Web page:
A 17th century painting that was part of one of the most important collections of historical portraits in England has been acquired by Plymouth City Museum and Art Gallery
for the citys permanent collections.
The Portrait of Johann Friederich, the Elector of Saxony and the Reformers was purchased thanks to funding support from the Art Fund
(£5,344) and the V&A/MLA Purchase Grant Fund (£6,120).
The painting is a copy of an original 16th century work and shows the leaders of the Protestant Reformation a movement that aimed to reform the Roman Catholic Church in Northern Europe during the 1500s.
At the centre of the portrait is Johann Friederich, the Elector of Saxony - a powerful supporter of the Reformation movement. The painting also includes portraits of Martin Luther and other German and Swiss reformers.
Although the painter of this particular portrait is unknown, the original work was created by Lucas Cranach the Elder (1472-1553), a leading 16th century artist who became one of the best known propagandists for the Protestant Reformation.
The version now acquired for Plymouth was originally commissioned by Edward Hyde, the first Lord Clarendon (1609-1674), MP for Saltash in 1640. Lord Clarendon rose to the post of Lord Chancellor and advisor to King Charles I and was a keen scholar and historian. Throughout his lifetime he acquired a series of important historical portraits.
Until 2010, the painting had been on loan to Plymouth alongside other works from the Clarendon Collection. It has now been permanently acquired for the Museum.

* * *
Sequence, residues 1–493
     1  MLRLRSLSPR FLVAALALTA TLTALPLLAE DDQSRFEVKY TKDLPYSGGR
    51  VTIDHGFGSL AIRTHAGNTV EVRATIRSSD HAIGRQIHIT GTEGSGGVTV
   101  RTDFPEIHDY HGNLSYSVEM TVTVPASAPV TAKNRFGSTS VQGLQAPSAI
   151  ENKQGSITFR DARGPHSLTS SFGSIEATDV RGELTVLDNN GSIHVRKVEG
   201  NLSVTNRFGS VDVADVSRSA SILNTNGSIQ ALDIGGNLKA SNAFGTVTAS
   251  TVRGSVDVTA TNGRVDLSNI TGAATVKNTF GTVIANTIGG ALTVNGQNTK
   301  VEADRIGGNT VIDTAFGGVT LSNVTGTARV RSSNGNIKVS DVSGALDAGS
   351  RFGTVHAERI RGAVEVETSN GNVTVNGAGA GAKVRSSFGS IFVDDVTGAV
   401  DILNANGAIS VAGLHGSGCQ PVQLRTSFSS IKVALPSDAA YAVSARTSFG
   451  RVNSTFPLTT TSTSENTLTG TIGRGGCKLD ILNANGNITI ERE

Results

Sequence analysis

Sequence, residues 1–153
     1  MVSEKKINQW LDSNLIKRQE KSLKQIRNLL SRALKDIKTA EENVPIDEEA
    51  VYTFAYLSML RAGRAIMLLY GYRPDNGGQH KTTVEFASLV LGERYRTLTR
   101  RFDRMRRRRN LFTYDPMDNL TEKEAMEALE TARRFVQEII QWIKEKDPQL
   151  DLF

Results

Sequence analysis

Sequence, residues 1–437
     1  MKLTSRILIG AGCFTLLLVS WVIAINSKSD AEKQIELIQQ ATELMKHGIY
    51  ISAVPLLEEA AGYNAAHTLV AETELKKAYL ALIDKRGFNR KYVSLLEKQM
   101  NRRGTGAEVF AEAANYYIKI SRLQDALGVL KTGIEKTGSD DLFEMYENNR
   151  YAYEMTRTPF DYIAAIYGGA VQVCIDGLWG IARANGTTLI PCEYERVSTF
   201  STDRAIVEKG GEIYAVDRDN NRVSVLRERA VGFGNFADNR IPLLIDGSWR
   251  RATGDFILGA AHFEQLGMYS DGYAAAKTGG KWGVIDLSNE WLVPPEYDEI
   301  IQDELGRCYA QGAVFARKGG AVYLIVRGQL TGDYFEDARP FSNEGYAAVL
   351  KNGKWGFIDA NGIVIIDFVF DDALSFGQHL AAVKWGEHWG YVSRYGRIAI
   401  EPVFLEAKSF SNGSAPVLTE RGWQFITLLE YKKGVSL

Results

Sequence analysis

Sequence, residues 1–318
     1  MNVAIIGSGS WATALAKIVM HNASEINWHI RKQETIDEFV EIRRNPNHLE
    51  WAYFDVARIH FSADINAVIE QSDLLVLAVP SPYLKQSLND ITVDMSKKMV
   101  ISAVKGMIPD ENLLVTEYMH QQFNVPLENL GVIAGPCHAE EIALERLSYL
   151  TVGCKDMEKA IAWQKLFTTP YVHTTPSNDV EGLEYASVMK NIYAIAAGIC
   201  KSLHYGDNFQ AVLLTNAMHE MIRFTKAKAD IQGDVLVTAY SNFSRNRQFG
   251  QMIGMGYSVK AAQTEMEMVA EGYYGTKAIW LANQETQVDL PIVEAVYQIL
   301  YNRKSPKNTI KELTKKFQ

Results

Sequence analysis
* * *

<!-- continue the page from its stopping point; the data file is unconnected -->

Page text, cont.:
"This painting is a fascinating addition to our art collections in a number of ways, said Acting Keeper of Art, Alison Cooper. "It has local links through Lord Clarendon and links to works in our internationally important Cottonian Collection. It also helps us maintain a good record of the religious history of the region, adding to the variety of portraits we own and boosting our representation of the Tudor period. The work will become the subject of many ongoing research projects looking at portraiture of this period.
Stephen Deuchar, Director of the Art Fund, said: "With its dark background and vividly detailed faces, the painting offers a striking portrayal of these influential historical figures. Were pleased to have helped Plymouth acquire a work with such strong local links.
Two other newly acquired works are also now on display at the Museum and Art Gallery. Infant Tamar, evening warbler song is a landscape painting generously donated by the artist, Kurt Jackson in honour of the Museums centenary. Hakutai (A Thousand Years) by Naoki Takeyama is an enamel work in electric blue enamel and silver leaf. This was acquired in May through Art Fund Collect, an annual initiative run by the Art Fund in partnership with the Crafts Council, enabling UK curators to pick outstanding contemporary objects to add to their public collections.